One definition of case formulation is ‘Case formulation aims to describe a person’s presenting problems and use theory to make explanatory inferences about causes and maintaining factors that can inform interventions’. What this means is that it is essentially a story not just to describe, but explain, how a person’s problem has developed, and how it is maintained so that treatments can be based on influencing those factors.
There are many different frameworks for case formulation, but several key elements are usually present:
- a description of the presenting issues;
- the factors that act to create vulnerability or precipitate the problems developing;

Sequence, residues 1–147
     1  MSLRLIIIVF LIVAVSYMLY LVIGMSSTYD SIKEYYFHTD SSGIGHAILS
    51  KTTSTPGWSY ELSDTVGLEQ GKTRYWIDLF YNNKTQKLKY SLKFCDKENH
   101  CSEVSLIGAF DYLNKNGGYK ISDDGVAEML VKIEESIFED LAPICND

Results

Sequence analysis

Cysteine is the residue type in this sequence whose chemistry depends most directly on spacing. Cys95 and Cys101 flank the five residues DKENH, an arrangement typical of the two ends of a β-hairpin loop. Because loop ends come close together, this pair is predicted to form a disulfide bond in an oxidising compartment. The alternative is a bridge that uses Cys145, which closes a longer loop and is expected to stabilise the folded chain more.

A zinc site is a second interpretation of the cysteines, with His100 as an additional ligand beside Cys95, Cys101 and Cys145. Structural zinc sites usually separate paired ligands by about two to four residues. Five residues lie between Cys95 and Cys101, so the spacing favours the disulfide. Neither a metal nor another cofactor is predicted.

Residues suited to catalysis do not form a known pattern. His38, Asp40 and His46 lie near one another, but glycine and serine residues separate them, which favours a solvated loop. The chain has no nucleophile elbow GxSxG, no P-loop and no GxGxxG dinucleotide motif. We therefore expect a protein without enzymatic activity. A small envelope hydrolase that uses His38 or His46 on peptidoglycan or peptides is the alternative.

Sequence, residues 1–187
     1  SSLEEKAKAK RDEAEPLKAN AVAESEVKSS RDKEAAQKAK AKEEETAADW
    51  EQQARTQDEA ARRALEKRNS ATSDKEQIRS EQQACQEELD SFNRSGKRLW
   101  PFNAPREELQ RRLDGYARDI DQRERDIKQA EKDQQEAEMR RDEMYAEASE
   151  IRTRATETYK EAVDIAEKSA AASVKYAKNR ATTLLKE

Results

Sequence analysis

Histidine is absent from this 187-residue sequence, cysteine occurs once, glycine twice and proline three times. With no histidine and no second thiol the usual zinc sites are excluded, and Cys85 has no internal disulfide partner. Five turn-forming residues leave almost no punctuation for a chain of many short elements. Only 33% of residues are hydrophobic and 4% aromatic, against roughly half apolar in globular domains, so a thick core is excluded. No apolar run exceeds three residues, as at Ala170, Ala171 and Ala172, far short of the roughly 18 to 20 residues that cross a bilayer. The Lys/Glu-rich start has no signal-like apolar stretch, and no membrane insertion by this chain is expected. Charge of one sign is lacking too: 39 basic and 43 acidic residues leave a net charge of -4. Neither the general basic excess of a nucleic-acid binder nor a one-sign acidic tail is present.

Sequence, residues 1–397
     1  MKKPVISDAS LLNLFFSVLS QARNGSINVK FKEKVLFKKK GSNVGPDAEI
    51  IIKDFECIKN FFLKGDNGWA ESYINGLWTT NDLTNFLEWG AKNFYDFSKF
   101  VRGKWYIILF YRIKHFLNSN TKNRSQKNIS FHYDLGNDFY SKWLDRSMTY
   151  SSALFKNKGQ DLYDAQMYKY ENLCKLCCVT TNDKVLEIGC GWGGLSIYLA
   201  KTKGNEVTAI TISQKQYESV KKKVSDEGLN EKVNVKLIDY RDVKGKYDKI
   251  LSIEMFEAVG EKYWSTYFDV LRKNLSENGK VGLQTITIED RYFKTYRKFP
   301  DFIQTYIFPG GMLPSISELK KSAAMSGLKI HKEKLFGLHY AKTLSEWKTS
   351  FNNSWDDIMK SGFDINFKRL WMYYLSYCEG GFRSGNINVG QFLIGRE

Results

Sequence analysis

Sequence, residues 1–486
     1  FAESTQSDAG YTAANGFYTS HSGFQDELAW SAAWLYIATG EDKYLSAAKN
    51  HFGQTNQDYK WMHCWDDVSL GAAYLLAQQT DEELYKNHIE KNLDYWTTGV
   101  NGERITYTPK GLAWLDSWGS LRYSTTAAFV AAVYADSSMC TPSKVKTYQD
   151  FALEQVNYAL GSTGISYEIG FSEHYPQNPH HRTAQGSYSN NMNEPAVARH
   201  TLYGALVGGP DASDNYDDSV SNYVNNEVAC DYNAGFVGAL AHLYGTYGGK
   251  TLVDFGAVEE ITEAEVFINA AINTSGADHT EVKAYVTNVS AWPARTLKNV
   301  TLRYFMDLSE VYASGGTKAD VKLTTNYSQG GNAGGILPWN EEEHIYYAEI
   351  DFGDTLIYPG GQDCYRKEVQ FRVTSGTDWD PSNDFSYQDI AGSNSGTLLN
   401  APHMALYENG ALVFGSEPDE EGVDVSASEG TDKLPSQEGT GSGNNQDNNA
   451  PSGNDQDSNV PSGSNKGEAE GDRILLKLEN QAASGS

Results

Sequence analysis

- factors that may not have been involved in the initial problem developing, but are helping to maintain the problems; and finally,
- factors that can help the person cope or act as resources.
To move beyond just describing these factors, a case formulation should describe the relationships between these various factors and the problems that are present – and should reflect not just the visible features of the problem (ie what we can see, or what the person reports that are unique to his or her situation), but also the underlying phenomena or stable, recognisable features that are present. (more…)